It’s Never Been a Better Time to Buy Drugs on Telegram

Prices are falling on the messaging app's drug markets despite inflation and record seizures.
Max Daly
London, GB
Some of the 3.7 tonnes of cocaine seized at Southampton dock, England in April 2022. Since the bust the price of a kilo of cocaine on Telegram has fallen from £36,000 to £29,000.   

Party drug prices are falling on the encrypted messaging app despite claims of record seizures by authorities, VICE News analysis shows.

Using data over the past year from over 1,300 different drug seller listings on the encrypted messaging app in the UK, the average price for a kilo of cocaine fell from £36,000 in April 2022 to just under £29,000 in April 2023. The price of an ounce [28 grams] of the drug fell from £1,300 to £1,100.


The price of a kilo of ketamine on Telegram markets fell from £8,000 to £5,000 over the last year. 

Yet the fall in prices comes despite record seizures by the authorities last year. 

Between March 2021 and April 2022 the UK's border force intercepted record amounts of cocaine and ketamine, with seizures of those drugs jumping 68 percent and 884 percent respectively. In April 2022 border police seized what was described as a “monumental” haul of 3.7 tonnes of cocaine valued at £300 million in crates of bananas at Southampton docks.

Border forces seized more than 1.5 tons of ketamine between 2021 and 2022 compared to an average of around 180 kilos per year over the last decade. The current kilo price for ketamine is cheaper than it was a decade ago. The huge drop in price is likely influenced by  a rise in ketamine production in the Golden Triangle.  

Authorities hope that big drug seizures will have a knock-on effect on supply, in turn increasing the price of drugs. But prices for other drugs on Telegram since April 2022 also remained unaffected by inflation and record seizures the year before. 

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Screenshots of Telegram drug markets. Photo: VICE News

The average price for a wholesale pack of 1,000 ecstasy pills, of varying stamp and strength, dropped from £2,000 to £1,500, with some vendors offering to sell up to 10,000 or 20,000 pills at a time.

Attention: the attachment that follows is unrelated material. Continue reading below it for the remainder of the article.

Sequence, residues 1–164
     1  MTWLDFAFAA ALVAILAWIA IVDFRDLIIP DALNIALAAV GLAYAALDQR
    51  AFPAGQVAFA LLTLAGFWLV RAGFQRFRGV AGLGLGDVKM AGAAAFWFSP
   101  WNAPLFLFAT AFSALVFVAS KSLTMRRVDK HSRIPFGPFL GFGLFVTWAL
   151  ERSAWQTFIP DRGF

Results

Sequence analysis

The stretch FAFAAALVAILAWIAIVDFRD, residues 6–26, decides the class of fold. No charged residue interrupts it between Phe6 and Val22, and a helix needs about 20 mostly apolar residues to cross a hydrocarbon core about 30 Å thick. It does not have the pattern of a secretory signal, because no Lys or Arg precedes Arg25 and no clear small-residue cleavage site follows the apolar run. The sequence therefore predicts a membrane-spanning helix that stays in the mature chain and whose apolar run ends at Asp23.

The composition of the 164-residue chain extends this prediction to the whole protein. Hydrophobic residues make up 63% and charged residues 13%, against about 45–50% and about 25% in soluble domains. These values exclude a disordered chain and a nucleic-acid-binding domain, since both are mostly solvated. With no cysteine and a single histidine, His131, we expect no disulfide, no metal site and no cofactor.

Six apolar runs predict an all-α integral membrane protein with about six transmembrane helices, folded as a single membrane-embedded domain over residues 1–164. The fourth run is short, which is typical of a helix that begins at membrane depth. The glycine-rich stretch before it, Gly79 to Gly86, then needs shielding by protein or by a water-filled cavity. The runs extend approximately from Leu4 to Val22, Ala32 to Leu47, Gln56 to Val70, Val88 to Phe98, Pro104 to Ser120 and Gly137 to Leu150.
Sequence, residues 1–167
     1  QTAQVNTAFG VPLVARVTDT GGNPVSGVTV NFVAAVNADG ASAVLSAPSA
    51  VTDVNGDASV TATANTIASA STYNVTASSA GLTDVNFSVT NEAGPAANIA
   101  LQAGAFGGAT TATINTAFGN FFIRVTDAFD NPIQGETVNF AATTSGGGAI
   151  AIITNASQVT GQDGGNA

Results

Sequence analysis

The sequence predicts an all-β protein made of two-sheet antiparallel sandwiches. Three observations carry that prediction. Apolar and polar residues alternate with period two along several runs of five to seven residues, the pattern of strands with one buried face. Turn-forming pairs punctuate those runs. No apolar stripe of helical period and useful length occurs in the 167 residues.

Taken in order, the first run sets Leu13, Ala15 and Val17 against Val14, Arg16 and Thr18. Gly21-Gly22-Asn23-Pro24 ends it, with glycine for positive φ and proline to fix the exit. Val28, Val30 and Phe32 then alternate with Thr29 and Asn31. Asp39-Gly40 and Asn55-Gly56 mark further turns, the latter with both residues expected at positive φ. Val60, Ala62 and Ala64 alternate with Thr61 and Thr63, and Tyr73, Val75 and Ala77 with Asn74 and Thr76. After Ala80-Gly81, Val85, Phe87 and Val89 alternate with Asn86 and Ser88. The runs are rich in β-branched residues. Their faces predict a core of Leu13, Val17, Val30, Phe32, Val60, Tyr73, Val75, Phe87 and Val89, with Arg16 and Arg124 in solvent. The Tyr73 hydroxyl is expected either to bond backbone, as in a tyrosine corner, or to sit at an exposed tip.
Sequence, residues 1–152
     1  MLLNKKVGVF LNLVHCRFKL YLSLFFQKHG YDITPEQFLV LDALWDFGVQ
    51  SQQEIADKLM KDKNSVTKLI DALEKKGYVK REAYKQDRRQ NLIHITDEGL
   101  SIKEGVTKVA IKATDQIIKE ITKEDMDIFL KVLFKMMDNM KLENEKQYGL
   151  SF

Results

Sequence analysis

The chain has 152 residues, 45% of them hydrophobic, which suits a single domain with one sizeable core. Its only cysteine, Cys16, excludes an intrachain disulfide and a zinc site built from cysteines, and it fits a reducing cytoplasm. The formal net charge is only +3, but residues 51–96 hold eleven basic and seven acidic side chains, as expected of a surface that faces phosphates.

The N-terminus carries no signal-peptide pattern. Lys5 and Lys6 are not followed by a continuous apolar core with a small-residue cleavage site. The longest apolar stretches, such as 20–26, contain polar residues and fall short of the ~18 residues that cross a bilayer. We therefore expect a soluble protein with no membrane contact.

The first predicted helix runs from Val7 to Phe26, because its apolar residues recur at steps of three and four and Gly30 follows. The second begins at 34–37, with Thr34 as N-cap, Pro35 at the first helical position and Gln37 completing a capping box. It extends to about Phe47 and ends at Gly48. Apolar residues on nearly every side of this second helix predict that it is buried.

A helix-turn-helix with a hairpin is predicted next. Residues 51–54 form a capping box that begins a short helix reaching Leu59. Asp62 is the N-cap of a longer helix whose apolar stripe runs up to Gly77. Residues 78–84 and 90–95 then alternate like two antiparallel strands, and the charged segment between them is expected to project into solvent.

A kilo of speed has remained stable at around £1,000, while a kilo of MDMA crystal briefly rose from £5,000 up to £5,500, then came back down to £5,000. A pack of 100,000 valium pills was being offered for an average price of £10,000, while a batch of 1,000 2C-B pills goes for roughly £1,950. The average price of mephedrone, which some vendors have described as being of “pre-2010 ban quality” is £5,000 a kilo.  

Now based in Dubai, Telegram was started in 2013 by Russian brothers Pavel and Nicolai Durov and now has 700 million active monthly users. 

Due to its focus on user privacy and the fact it’s easier to access than the dark web, Telegram has become the go-to global messaging app for buying and selling drugs, with data showing its drug markets, which are sometimes operated via “shopbot” drug dealers, have rocketed in popularity since 2020. 

On Telegram drug buyers and sellers chat on invite-only “channels”, some of which can have tens of thousands of active members, where anything from mescaline and “pink cocaine” to mephedrone and steroids, is available to buy. Drugs are bought using crypto currency and sent in the mail. As with the dark web, there is always the risk of being scammed, although the reliability of individual sellers and their drugs are rated, reviewed and discussed. 


The messaging app has also become a key node of the drug trade in Russia, where it is used by narco bloggers who discuss different drugs and where to buy them, and increasingly in other countries such as Argentina.

“Compared to darknet market use, Telegram is a lot easier to use and more convenient for buyers,” said Monica Barratt, a social scientist at RMIT University in Australia with an expertise in online drug markets. 

She said Telegram has become “a preferred platform for censored and illegal activities” because the platform’s founders have resisted attempts to censor its content or share information with authorities and due to the availability of shopbots which speed up sales. 

“It's not surprising that seizures are not significant enough to result in increased prices on the ground. There are so many other factors that contribute to drug prices,” said Barratt. “It is more likely that increased competition on Telegram – and open access to the prices people are charging – leads to sellers trying to get more market share, either through price decreases or other means, including offering better services or advertising premium goods.”


Karenza Moore, an expert on club drugs at Newcastle University, said neither banning drugs nor seizing them had much impact on the public’s ability to buy them. 

“In 2005 ketamine was described by young people attending clubs and raves as "the most fun you can have for twenty quid". The same year it was classified as a Class C substance. Nearly 20 years later, it is more or less around the same price for a gram – £20. 

“Since pandemic restrictions were lifted in July 2021 we have seen an increase in visible ketamine use in the night-time economy, especially at nightclubs, warehouse raves and some festivals. At several festivals in the north-west of England last summer, more people presented to welfare services on ketamine than for other popular drugs such as MDMA.” 

The analysis of Telegram’s black market showed that drugs are one of many illicit products traded on the platform. 

People are buying anything from hacked YouTube Premium accounts to fake watches. Some chat groups trade tips on insurance fraud, credit card fraud or counterfeit money. One vendor offered a highly unique “revenge mail” service, sending a selection of different types of animal shit (horse, dog or cat) in a box to a name and address of your choosing for £20, although a cowpat costs a premium £25.